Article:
I'll blame it on the curse of indecision, my inner Hamlet. Just couldn't decide among three topics this week, so I'll share some thoughts on each. One at a time.
After the Tigers' blowout victory over Rice, I asked Hunt if he had actually benefited from the year off, that being so close to the program, yet so far away during his suspension, made him a better player and person today. "Last year was a test," he said. "It was to see if I could grow up or not. I took on a lot of things, and it definitely panned out. If this team hadn't let me back, I wouldn't be here. So I thank everybody involved with that. It feels like a big accomplishment."
"I didn't know [Hunt was that close]," said Calipari, "and I really didn't want to leave him in the game. But they told me he just needed four points. I'm happy for him." Needless to say, the coach and his players have their sights on larger things than individual achievement this season. But for Jeremy Hunt -- 1,000-point scorer, college graduate -- redemption is mighty sweet.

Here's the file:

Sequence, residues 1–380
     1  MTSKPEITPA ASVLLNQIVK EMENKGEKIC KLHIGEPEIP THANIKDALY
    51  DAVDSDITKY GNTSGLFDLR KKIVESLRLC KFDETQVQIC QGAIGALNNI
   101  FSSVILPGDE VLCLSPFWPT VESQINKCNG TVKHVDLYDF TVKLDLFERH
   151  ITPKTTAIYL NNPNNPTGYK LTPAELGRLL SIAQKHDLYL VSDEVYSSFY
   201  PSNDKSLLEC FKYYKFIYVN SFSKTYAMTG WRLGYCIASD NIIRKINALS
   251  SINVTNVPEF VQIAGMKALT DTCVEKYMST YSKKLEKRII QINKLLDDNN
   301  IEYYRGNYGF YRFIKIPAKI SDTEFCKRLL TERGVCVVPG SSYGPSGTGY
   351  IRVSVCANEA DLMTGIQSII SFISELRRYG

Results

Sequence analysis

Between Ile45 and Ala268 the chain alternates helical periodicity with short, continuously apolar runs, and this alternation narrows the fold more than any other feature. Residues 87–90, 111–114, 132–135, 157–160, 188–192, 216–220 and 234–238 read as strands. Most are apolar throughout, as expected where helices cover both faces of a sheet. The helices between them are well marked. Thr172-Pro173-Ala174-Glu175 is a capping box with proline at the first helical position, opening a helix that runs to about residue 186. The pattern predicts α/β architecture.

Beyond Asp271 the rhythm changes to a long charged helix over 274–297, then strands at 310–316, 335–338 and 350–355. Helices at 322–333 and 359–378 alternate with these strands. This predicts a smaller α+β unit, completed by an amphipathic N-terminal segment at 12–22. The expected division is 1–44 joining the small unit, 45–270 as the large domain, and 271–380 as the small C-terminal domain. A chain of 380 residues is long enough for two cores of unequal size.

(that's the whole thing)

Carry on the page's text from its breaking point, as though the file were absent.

I'm convinced Grizzlies president Jerry West will have Memphis in his rearview well before the 2007-08 season opens, but Mr. Logo did exactly the right thing in retaining Gasol, the Memphis bargaining chip in so many of the overleaked trade discussions. (Dallas? Where would Gasol fit on the floor with Dirk Nowitzki?) The Gasol-Memphis marriage is one worth saving, at least as long as it takes to find out where the Grizzlies' ping-pong ball lands in this spring's draft lottery. The image of Gasol alongside one Greg Oden just might be enough to get that "For Sale" sign off West's front yard. Until the lottery, read all you'd like about the blockbuster that sent Juan
Dixon from Portland to Toronto!
My dad loved those Celtic teams. It was a time when basketball fans fell into one of two camps: Magic's Lakers or Bird's Celtics. And New England's camp was fortified. Boston's coach, K.C. Jones, hosted a summer clinic at Norwich University where my dad taught. At the time (and somewhat to this day), those Celtics felt like family. To lose Dennis Johnson at the age of
52 . . . it just plain hurts.